Woodson. 4 In Woodson, prospective buyers sued the seller, the seller’s broker, and an agent for the seller’s broker for fraud and misrepresentation because the sellers accepted a competing offer. The Woodsons and seller exchanged offers, and after the last exchange, the Mr. Woodson called the seller’s agent and stated that he had forgotten to include a term relating to a “tap fee” for water and sewer service. The agent was not sure that the seller would accept that change to the offer. She later called the buyer and stated that the seller agreed to the change and instructed the buyer to note and initial the change and deliver the offer to her with an earnest-money payment. The agent received the change and the payment on a Saturday, but because the seller was not available to initial the change, the change was not immediately accepted. The parties agreed to meet on Monday to finalize the agreement. In the meantime, however, another buyer made an offer to buy the property for cash with an earlier closing date. The seller instructed the agent not to inform the Woodsons about the competing offer. On Wednesday, the seller accepted the competing offer. The Woodsons claimed the broker and agent had a duty to communicate truthful information and breached that duty by failing to disclose the existence of the competing offer and the fact that the seller had not signed the Woodsons’ offer. This alleged duty was based on a statute requiring a seller’s broker to treat prospective buyers honestly, giving them a right to put their trust and confidence in the broker and agent.5 The court concluded that the buyers were not “clients” of the broker and agent and the Woodsons’ dealings with the seller’s broker and agent did not imply a relationship of “trust and confidence” that would require the disclosure of the competing offer.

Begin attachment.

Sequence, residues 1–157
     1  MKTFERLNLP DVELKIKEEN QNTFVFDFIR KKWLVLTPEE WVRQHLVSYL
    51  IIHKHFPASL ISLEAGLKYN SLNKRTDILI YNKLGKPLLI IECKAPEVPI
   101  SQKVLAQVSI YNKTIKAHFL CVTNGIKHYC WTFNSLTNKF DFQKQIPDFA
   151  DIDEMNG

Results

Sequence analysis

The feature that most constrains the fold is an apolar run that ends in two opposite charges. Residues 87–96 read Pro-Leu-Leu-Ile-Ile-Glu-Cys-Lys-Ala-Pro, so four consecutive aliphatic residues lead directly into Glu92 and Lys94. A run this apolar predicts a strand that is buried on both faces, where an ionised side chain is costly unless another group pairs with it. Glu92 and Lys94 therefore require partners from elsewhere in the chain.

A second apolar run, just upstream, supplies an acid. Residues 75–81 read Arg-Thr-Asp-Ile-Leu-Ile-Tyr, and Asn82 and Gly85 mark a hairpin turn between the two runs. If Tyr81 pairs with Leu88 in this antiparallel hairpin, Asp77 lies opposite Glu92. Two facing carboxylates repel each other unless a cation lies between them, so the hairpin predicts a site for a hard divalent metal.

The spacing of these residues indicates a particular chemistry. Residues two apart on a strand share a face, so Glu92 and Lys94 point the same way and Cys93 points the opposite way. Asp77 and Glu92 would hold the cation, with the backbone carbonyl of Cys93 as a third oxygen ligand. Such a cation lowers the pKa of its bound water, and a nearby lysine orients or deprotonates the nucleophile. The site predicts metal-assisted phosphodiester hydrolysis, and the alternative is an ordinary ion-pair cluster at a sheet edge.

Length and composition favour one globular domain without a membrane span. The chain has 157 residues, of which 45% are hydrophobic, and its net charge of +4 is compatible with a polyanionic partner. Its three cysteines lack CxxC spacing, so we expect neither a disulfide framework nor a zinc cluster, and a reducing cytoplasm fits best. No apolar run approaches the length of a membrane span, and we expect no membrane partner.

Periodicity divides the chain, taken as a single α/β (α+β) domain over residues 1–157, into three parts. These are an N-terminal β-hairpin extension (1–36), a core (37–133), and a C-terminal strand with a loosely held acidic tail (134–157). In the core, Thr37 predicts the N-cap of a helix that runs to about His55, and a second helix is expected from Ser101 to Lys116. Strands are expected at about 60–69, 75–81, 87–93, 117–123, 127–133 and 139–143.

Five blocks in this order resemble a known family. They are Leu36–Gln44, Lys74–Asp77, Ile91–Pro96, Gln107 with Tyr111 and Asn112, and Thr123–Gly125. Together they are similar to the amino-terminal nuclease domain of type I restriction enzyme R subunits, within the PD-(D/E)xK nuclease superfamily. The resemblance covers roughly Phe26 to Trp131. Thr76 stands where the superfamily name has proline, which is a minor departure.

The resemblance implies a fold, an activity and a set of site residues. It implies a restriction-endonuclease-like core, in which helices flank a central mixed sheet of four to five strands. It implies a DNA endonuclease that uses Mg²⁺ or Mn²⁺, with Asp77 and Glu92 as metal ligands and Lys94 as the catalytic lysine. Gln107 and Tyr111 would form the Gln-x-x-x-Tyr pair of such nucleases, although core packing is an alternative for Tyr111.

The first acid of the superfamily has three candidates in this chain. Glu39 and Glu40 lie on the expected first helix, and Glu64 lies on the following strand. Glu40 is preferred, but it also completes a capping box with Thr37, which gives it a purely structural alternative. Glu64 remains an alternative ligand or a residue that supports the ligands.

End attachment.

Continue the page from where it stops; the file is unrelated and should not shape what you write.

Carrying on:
- Lerner.6 In Lerner, the buyers learned that they had moved in next to a Level 1 sex offender and sued the listing broker, who acted as a dual agent, and the sellers. The trial court dismissed the complaint. The appellate court affirmed the dismissal of the broker, but reversed in part with respect to the sellers. The appellate court determined that the broker’s fiduciary duty could be, and was, limited by contract; the purchase agreement specifically stated that under Arizona’s stigmatized property law,7 the broker was not required to disclose that the property was in the vicinity of a sex offender. Further, although the Arizona statute also excused the sellers from an obligation to disclose the sex offender, the court concluded that a claim of fraud could proceed against them because the sellers allegedly told the buyers that they were moving to be closer to friends, when, in fact, they wanted to move away from the sex offender.
B. Statues and Regualtions
Wyoming has modified a statute relating to in-house real estate transactions. 8 Previously, a real estate company could designate a licensee to handle in-house transactions if the licensee was directly supervised by a responsible broker and the responsible broker was not a party to the transaction or a transaction manager. The amendment provides that the designated licensee must be under the direct supervision of either (1) the responsible broker, who is not a party to the transaction; or (2) a transaction manager.